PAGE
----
It began last fall. It's escalated since. Now even my students know I have a seriously academic fascination with not one, but TWO culturally distinct pop phenomena: Kate Bush and Lady Gaga. You may be gasping and sputtering. You may be nodding. Distinctive as they are, Kate and Gaga have aesthetic similarities that appeal very much to the poet voyeur in me, and if Kate Bush ever came to town, you can bet I'd fork over any amount of cash to see it; Gaga IS coming to town and I've forked over a reasonable amount of cash for kick-ass seats to a concert I will doubtless be one of the oldest people attending (that is, of those not accompanying minors). I am not the lone academic persona with an eye on Gaga. She's captured even the eyes of the legitimately snobby "New Yorker" and I doubt we'll have to wait long before some cultural theorist publishes on her work.
As I said, Kate and Gaga are quite different. But how they work is quite similar. They both managed to do something that few do, and that is to mostly remain in control of their production. One of my favorite distractions in graduate school was Gaffaweb, in particular the logs from the era of "The Dreaming," where one gets the distinct impression that Kate Bush and her brothers and their friends were basically indulging in artistic projects they'd been dreaming of doing anyway, just now there was also an audience for it. Not so different the "Haus of Gaga". The twist is that the main sujet is the figure of fame and a vested interest in embracing what is usually dismissed and denigrated as "pop culture". Lady Gaga is not an uncritical observer or devotee of fame--she is a pastiche of fame, a burlesque act lampooning its own cause celebre, and it just keeps getting more fun to watch.
The video for "Bad Romance," the lead single from her not-yet-released album "The Fame Monster," is the work of someone with big ideas who finally has the resources to realize them; as ever tongue in cheek, the vampire imagery--from the Monster capsule caskets in the cellar to the grimacing bat headdress and the enhanced spines, ribs and eyes--is mostly IN Lady Gaga, suggesting much of what transpires is within her grasp. She is her own victim and savior. The shoes, masks, unabashed sexuality of her act got her into this mess (in this case sold off in an auction to the Russian mafia; in "Paparazzi" pushed off a balcony by her Swedish "boyfriend") and in the end it is this very camp that saves her, as she fortunately has a bra that is also a flamethrower--a great stage prop but it turns out also a handy item for destroying potential rapists. As she stands defiantly in front of the raging flames, draped in a stunning faux polar bear wrap and made up to high heaven, I can't help but get the feeling the artist Gaga (as opposed to the fictional character Gaga) is smirking as the flames blow absurdly higher, having created this artwork, at once beautiful and ridiculous, thoroughly enjoyable and collaborative. Not unlike Kate darting her eyes back and forth, you know, in case any demons are lurking off camera.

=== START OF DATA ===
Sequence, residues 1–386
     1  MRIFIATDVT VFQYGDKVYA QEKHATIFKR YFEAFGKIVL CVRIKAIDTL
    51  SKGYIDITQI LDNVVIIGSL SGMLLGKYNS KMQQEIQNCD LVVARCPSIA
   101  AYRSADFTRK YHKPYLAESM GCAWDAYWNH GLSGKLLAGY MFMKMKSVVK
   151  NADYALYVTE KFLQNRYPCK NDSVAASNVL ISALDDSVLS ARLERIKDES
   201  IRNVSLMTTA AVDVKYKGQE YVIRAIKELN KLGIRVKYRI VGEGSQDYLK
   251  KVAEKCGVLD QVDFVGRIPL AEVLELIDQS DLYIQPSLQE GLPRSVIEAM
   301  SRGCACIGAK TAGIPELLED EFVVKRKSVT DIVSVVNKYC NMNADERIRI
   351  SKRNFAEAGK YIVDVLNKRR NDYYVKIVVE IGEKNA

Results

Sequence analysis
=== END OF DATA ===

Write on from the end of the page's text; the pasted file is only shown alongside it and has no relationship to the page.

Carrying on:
Silent film actress Louise Brooks made a career out of her own failure. From bad personal and professional decisions to a self-devouring aura, Louise Brooks was a victim of her own Fame Monster, but managed to reforge a legacy reflecting on and embracing that failure. Lady Gaga's project takes all this from a distance Brooks didn't have at the time she was creating her hot mess and parades it in grand parody up and down the catwalk. The obvious pastiche element prevents it from being just another pathetic fashion victim or witless slave to celebrity; Lady Gaga is having fun with this object called fame, and the act exudes legitimacy in its lack of pettiness or agenda. Underneath the direction of the Disco Stick is a thoroughly critical, non-partisan examination of every aspect of "Fame", rife with material to analyse for those who are given to analysis and just fun to dance to for everyone else. Walter Benjamin wrote of Charles Baudelaire, "The depiction of the confused is not the same thing as a confused depiction." Many pop acts are confused depictions; Gaga gives a thoroughly calculated depiction of the confused. It's fabulous, it's cerebral, it's pop. And while I don't entirely agree that pop culture will never be low brow, I do absolutely agree that Lady Gaga's conception of pop culture is not low brow. And I can't wait for "Monster Ball." Maybe I'll go in my Academic Robes and Hood...and 6 inch platform heels...